Polish Home Army

Polish Home Army (Polish: Armia Krajowa [AK]). The main partisan organization in Poland during the Second World War. It emerged as a coalition of anti-German underground groups called the Union of Armed Resistance. In 1941 it became affiliated with the Polish government in London, and eventually it was renamed. The AK carried out extensive intelligence and sabotage operations in Poland. In the spring of 1944 it organized a general military uprising (code name: Burza) against the Germans in advance of the Red Army offensive into Western Ukraine and Poland. When the Red Army arrived, many of the AK leaders were jailed or executed, while rank-and-file members were pressed into pro-Soviet military service. The organization was disbanded in 1945 but resurfaced in 1947 as the Freedom and Independence movement. In spite of their having a common enemy, the Home Army did not collaborate with the Ukrainian resistance forces. Its partisans terrorized Ukrainian villages in the Kholm region and attacked Samooborona units and the forces of the Ukrainian Insurgent Army (UPA). AK ambitions to restore Polish rule in Galicia could not but arouse Ukrainian hostility. Relations between the UPA and the reconstituted AK improved after the Soviet occupation of Poland, and several joint Polish-Ukrainian operations were carried out against the Soviet Army and NKVD forces.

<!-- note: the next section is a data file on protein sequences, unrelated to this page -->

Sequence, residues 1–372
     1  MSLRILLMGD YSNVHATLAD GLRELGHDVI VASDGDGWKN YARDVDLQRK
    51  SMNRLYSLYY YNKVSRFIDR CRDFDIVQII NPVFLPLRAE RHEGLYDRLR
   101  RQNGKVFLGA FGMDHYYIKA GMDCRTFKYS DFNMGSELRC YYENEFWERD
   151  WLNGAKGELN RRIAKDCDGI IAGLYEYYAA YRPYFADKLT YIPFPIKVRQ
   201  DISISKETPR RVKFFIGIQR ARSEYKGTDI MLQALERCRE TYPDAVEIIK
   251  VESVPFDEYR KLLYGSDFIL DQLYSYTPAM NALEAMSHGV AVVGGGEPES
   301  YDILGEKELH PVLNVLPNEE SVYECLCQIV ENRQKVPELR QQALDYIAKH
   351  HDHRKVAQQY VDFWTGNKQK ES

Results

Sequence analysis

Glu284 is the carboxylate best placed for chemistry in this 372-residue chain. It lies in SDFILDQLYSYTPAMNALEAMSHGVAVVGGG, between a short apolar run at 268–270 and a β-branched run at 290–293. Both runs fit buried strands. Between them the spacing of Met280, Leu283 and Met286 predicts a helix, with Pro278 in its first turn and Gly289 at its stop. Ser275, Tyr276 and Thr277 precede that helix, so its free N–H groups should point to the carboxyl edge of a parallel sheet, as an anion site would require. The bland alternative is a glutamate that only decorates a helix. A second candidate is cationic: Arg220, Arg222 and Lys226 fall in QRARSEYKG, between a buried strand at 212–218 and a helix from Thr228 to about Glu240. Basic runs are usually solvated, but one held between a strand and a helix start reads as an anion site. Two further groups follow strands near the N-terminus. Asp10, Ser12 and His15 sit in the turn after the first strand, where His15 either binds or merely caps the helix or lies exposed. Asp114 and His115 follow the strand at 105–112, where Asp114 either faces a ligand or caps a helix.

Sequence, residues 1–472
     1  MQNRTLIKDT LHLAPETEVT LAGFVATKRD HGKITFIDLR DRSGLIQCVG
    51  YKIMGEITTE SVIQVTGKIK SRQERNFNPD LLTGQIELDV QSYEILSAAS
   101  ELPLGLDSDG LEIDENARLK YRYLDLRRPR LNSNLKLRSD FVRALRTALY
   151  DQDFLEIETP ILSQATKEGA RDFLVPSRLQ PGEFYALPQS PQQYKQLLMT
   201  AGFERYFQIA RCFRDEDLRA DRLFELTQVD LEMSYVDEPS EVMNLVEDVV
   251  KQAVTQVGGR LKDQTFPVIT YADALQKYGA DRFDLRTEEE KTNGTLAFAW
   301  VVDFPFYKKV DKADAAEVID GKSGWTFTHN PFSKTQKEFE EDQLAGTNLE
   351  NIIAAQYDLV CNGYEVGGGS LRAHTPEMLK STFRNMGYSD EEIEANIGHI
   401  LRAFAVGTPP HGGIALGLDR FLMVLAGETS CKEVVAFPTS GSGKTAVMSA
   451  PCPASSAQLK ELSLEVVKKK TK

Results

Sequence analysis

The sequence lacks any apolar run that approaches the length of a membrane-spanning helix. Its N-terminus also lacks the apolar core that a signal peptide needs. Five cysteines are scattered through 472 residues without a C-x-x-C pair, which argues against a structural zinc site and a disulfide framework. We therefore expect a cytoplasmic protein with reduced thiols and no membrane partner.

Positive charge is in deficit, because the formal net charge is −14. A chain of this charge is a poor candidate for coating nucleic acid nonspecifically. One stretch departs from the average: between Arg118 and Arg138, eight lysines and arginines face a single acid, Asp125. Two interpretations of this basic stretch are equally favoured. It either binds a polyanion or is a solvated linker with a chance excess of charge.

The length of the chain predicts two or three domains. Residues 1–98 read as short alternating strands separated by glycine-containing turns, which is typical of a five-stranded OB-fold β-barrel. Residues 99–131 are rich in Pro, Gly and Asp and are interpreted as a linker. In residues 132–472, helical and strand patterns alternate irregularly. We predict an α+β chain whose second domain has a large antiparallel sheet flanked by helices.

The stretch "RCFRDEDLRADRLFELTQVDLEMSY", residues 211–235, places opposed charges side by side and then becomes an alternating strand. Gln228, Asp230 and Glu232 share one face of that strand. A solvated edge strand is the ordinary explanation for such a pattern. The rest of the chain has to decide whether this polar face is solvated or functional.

Korbonski, S. The Polish Underground State (New York 1978)
Bor-Komorowski, T. The Secret Army (Nashville 1984)

Andrij Makuch

[This article originally appeared in the Encyclopedia of Ukraine, vol. 3 (1993).]

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